Partner/Spouse’s Planning: If your partner/spouse is your caregiver, that role can occupy time and emotional capital. Simplifying his or her financial life will help them help you. Your partner/spouse should also revise their estate planning documents to assure that any assets left to you are left in trust to provide a management structure in case you need it. Ask an estate planner if a special needs trust is advisable. If you’ve been named as agent, executor or trustee, it’s probably fine that you remain in that capacity so long as possible, but consider revising documents to name a co-fiduciary, and possibly a bank. This will enable you to serve in those important roles but with the help and support you might need in the future.
Power of Attorney: Review provisions in your power. Until now you may have permitted your agents to make gifts. The economic reality of your diagnosis may have you reconsider and actually prohibit gifts to preserve resources for your now more uncertain future. Most powers of attorney don’t address compensation for an agent. With the possibility of someone having to help you manage your affairs on a long term basis, reconsider authorizing your agent to take compensation for what might be a more significant task. Include an express power of your agent to fund a revocable trust. Reconsider not using a “springing power”. A springing power only takes effect if you’re disabled. But with MS you might have long periods when you can handle all financial matters interrupted by brief periods when an agent’s assistance might be helpful, or even necessary. If the appointment of your agent is effective immediately the agent will be able to help during an exacerbation or relapse, and then can cede control back to you as soon as you are able. With a springing power, by the time the agent can legally demonstrate your disability, the worst of your relapse may have passed.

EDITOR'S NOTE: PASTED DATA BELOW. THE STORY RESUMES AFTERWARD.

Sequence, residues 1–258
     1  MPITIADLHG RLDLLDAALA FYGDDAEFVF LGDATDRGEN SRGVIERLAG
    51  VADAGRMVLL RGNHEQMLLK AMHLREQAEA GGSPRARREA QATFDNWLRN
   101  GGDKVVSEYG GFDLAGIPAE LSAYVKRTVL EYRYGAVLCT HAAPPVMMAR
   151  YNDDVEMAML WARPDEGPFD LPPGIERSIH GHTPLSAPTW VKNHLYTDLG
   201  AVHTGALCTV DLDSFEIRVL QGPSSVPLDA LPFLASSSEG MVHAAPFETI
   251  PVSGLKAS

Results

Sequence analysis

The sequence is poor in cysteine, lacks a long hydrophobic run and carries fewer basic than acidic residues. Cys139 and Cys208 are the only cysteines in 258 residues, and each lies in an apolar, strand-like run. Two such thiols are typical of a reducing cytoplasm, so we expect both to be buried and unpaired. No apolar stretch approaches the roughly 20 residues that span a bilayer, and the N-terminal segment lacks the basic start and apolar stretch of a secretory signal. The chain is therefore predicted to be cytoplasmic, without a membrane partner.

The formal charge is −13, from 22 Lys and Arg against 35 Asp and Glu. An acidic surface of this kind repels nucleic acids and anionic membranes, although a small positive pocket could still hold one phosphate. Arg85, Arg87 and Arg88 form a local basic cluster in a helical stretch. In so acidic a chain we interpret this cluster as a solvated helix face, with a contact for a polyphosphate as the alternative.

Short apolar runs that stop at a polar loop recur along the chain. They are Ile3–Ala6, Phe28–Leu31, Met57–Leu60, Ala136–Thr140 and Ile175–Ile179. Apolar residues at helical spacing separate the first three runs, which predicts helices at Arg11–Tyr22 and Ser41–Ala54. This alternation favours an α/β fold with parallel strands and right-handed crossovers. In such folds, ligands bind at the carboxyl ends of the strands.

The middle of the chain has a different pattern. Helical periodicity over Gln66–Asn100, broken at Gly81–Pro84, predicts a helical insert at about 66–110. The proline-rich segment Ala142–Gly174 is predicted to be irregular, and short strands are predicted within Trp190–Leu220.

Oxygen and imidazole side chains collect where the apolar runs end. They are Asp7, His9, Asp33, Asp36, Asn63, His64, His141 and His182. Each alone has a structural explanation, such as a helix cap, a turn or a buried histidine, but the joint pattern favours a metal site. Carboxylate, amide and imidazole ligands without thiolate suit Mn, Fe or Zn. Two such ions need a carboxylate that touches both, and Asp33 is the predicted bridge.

Revocable Living Trust: While these trusts are almost always hawked to avoid probate, their most powerful and beneficial use is in helping you manage assets through illness and disability. With some creative tailoring a living trust can assure you the maximum control of your financial life and provide the most comprehensive protection if your abilities fail. Be certain that your trust provides for a clear mechanism to determine when your position as trustee should cease and successor trustees take over. With a disease such as MS you could need someone to step in during an exacerbation of the disease, but then you might resume control of all your affairs when it subsides. Your trust needs a practical and readily implemented “switch”. The mechanism by which a successor trustee can demonstrate your inability to serve as trustee so that he or she can take over could be tailored to reflect the cognitive impairment or spasticity that you have experienced. You might also consider naming an initial co-trustee to serve with you so that during periods of exacerbation the co-trustee can handle business and financial affairs for you without having to surmount a mechanism to become appointed. This is quite different than the manner in which most living trusts are drafted. Also, use the living trust to provide some level of detail as to your care in the future: where and how you would like to live, etc. Few living trusts address these details. A comprehensive and well crafted trust will not only guide your personally selected trustees as to how you want them to help you, but it might (along with a living will, health care proxy and power of attorney) avoid your ever having to face a court appointed guardianship proceeding in which a judge may designate someone to be in charge of your financial and/or personal affairs (and not always the “someone” you want).